Three Codes & The Truth: Install CallRail JavaScript with Google Tag Manager

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Let’s face it: building a website from the ground up is no walk in the park. Your site can be the determining factor that draws an undecided visitor off of the cyber streets when they need you to make their decision for them. “Are we eating Indian or Thai tonight?” Once they arrive, the decision of what tools you’ll use to create a memorable experience is an important one–you want them to keep coming back. Thankfully, there are website builders a-plenty at our fingertips, as well as resources on how to set the table for your target audience and keep them interested. These simultaneously help you learn more about your audience each time they visit so you can better cater to their specific needs – “John always gets the Chicken Tikka Masala”.

So, you landed on a site builder and you’re off to the races. Now that your web presence has been established, the fun is just beginning. As a marketer for an established organization, small business owner, or even a one-man wolfpack, seeking to determine what about your visitor’s behavior you should take notice of is extremely valuable. With several useful third party platforms offering their take on your site’s activity, it can get overwhelming to keep up with it all. Now you need something to hold it all together.


What is GTM?

Google Tag Manager (or as I’ve once heard it called, the “Swiss Army Knife of Code Deployment”) can be the combining agent. Totally free to use with an active Google account, Tag Manager is a one-stop shop for each snippet of your site’s third-party JavaScript code that you can store, use and implement to track visitor data. It acts like a rolodex for your code snippets and tracking pixels (“tags”), letting you determine where they go on your site, what they do, and when they do it.

There are four key elements that are vital for understanding and getting started with Google Tag Manager: Container, Tags, Triggers & Variables

It all starts with a container. You need a place to store all of the code you’ll eventually be deploying across your site. Immediately after naming your GTM account (with your business name, or perhaps college nickname) you will be prompted to choose a container. Within this step you decide amongst 4 options for your “Target Platform”: Web, iOs, Android & AMP.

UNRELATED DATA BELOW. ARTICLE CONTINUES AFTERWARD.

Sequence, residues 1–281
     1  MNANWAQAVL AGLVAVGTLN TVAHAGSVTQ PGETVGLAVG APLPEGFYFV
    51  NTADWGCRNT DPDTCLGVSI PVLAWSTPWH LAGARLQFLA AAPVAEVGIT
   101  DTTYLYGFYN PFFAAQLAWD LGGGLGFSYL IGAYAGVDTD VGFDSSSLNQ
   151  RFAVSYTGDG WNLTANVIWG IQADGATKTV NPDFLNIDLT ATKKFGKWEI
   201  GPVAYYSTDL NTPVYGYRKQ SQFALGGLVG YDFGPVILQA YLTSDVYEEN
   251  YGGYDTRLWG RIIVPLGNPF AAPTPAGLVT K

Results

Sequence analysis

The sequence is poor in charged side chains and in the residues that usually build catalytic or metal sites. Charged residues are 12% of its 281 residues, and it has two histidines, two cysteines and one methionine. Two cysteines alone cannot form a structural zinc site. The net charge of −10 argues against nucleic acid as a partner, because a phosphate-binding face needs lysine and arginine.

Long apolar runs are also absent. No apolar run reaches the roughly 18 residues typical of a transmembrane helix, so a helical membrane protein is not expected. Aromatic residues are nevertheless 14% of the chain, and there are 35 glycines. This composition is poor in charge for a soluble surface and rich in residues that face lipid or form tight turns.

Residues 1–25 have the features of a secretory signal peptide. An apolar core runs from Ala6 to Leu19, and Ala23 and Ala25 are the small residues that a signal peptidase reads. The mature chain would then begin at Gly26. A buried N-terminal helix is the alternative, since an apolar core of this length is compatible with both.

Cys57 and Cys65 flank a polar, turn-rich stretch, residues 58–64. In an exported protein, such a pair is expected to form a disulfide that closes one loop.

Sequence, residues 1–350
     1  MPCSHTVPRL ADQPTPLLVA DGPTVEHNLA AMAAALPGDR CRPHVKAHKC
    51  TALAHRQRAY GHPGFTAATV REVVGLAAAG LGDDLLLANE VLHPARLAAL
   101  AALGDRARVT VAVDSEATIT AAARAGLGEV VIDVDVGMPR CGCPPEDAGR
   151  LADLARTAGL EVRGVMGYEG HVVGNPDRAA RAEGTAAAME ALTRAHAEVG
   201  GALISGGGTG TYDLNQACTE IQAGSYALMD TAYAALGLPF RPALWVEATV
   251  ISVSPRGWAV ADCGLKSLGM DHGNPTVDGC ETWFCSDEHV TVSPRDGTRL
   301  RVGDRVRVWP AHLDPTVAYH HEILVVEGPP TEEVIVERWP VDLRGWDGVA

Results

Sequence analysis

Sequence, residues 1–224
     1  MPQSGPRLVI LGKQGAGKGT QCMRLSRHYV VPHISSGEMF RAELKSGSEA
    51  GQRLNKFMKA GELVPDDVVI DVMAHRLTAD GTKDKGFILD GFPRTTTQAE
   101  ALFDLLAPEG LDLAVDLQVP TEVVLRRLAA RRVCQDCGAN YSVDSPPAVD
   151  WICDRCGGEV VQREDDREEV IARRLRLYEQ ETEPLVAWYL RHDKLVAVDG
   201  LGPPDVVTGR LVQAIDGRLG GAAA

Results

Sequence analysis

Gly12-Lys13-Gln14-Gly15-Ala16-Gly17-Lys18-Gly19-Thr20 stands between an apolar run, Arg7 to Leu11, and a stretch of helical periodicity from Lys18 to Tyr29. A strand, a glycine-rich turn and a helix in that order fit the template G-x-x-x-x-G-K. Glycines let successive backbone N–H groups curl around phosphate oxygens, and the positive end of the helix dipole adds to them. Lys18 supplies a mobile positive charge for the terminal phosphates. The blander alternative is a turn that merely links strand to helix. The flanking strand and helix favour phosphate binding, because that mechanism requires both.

Next, we have the tag. Google calls a tag the “segment of code provided by analytics, marketing and support vendors to help you integrate their products into your websites or mobile apps.” Essentially, it is the “what” in the equation. Without having to piecemeal your site together by trudging through lines of unending (and often indecipherable) code, Google Tag Manager allows you to create a space for these individual tags to live. Later, they get sent to your page do the dirty work of site monitoring and statistics gathering.

After you’ve set up a few tags, your next step will be to implement a trigger or call to action to set these tags in motion on your site after a specific event has occurred. Think of a trigger as the “how”. In other words, if the end result of your tag is a bonfire, the trigger is the match that sets it all ablaze. Ultimately, you are deciding how your tag fires.

To take it a step further, you can also employ variables along with your newly triggered tags, which serve as an even more detailed means of drilling down into the specifics of both what your tags do and how and when they are triggered in particular scenarios. A common example of this use case would be if you wanted your tag to fire upon being triggered by the unique scenario (variable) of a visitor clicking a specific link or by landing on a certain page of your site.


How do I install it on my site? [Two Codes]

Now that we’ve taken a peek under the hood of our new set of digital wheels, it’s time to hop in and put it in drive – let’s talk installing Google Tag Manager on your website!